Ernest Miller Hemingway, recognized as one of the major writers in American literature, is well known for his minimalist style of writing and for his portrayals of stoic manly protagonists such as Robert Jordan in For Whom the Bell Tolls.
Born on July 21, 1899, in Oak Park, Illinois, Hemingway's mother was a music teacher. His physician father and his namesake grandfather, Ernest Hall, a Civil War veteran, influenced him deeply, especially in developing interests in outdoor activities such as shooting and fishing. Both men are characterized in For Whom the Bell Tolls. The protagonist Robert Jordan feels ashamed of his father who committed suicide as Hemingway's own father did, and enormously proud of his Civil War veteran grandfather.
Hardly surprising, in school Hemingway excelled in English but also went out for boxing and football. Foregoing a college education, he began writing as a reporter for the Kansas City Star in 1916 and later utilized his journalistic skills-short sentences, positive active words-to develop his writing style. After six months, he joined the Army and served in World War I in the Ambulance Corps in Italy where he experienced first hand the brutalities of war. In 1918, he was wounded and while convalescing fell in love with American nurse Agnes von Kurowsky, an event that inspired his novel, A Farewell To Arms.
In 1920, he went to work for the Toronto Star and married Hadley Richardson the following year. During the 1920s he lived as an expatriate in Paris, as part of what his mentor Gertrude Stein termed the Lost Generation. He published his first book Three Stories and Ten Poems in 1923, the year of his son John's birth. Hemingway had two other sons with Hadley-Patrick and Gregory.
Our Time, which was published in 1925, highlighted Hemingway's minimalist style and was followed the next year by the semi-autobiographical The Sun Also Rises. The marriage to Hadley ended and Hemingway married Pauline Pfeiffer in 1927, at which point he moved to Key West, Florida, and spent many happy days fishing. During this time, he also traveled in Spain, which he used as the setting for many of his works, including For Whom the Bell Tolls (1940). In Spain, Hemingway reported on the Spanish Civil War and favored the Republican cause. In fact, the author may have acted as an informant for the Republic. After Franco's Fascists won the Spanish Civil War in 1939, Hemingway felt forlorn. In 1940, he suffered the loss of his beloved Key West home in a divorce and married Martha Gellhorn, with whom he traveled in Spain.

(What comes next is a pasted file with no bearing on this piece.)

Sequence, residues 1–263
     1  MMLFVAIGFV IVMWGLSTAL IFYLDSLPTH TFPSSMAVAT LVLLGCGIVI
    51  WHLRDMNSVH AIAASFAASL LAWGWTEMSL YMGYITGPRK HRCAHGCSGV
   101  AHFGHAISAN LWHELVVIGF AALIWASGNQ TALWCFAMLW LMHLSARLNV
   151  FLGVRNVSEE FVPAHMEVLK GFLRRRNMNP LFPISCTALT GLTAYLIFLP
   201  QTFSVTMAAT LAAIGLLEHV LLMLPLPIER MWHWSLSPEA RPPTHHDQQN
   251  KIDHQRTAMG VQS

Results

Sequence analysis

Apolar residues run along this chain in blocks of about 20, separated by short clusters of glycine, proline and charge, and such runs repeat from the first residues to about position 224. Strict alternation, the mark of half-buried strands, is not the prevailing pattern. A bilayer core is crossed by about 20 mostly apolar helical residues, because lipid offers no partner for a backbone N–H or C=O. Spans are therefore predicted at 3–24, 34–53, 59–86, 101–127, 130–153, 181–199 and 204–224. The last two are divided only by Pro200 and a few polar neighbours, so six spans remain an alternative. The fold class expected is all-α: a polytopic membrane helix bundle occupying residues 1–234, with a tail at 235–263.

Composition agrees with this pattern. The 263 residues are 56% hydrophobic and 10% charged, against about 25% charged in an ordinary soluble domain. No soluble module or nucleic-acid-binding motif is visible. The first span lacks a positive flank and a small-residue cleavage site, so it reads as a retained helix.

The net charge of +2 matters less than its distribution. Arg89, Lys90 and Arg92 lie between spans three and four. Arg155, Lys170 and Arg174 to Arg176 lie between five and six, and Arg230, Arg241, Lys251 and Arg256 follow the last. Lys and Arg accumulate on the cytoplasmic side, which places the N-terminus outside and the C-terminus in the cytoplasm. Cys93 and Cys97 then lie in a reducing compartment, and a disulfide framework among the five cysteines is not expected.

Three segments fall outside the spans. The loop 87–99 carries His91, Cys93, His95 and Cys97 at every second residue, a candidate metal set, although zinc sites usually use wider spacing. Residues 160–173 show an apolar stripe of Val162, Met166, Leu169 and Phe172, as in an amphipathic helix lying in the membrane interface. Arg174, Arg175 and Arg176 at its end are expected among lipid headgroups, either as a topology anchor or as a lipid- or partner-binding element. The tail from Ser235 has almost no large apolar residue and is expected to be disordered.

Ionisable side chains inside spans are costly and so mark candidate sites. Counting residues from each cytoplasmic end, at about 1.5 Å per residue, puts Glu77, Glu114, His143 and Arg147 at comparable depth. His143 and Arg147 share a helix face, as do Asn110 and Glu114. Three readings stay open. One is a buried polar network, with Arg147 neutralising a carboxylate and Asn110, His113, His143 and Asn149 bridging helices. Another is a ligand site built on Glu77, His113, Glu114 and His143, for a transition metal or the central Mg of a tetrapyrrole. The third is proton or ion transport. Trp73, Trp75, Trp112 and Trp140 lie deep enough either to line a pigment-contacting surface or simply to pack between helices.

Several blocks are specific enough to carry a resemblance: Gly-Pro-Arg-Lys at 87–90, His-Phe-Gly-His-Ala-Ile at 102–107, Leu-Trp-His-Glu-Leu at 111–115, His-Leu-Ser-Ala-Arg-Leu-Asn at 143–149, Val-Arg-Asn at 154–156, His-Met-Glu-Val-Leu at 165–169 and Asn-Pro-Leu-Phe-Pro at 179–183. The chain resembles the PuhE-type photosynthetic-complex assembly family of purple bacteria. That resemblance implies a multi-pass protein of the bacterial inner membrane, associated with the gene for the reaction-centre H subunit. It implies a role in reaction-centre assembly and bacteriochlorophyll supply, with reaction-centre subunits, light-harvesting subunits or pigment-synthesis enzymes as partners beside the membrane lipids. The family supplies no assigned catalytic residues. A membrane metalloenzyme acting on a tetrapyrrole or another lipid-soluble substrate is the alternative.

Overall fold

During World War II, Hemingway took part in naval warfare and was charged with sinking German submarines off Cuba. He also went to Europe as a war correspondent and took part in the allied invasion in 1944. In 1952, he married war correspondent Mary Welsh after divorcing his third wife. He also published in that year The Old Man and the Sea, which earned him both the Pulitzer Prize in 1953 and the Nobel Prize in Literature in 1954.
Late in life, Hemingway suffered from severe ill health and depression which was aggravated by alcoholism. Having lost his home in Cuba and living in Idaho, he underwent electroconvulsive therapy (ECT) for depression. He committed suicide by using a shotgun in 1961. Today, Many of Hemingway's works, including For Whom the Bells Toll remain classics in American literature.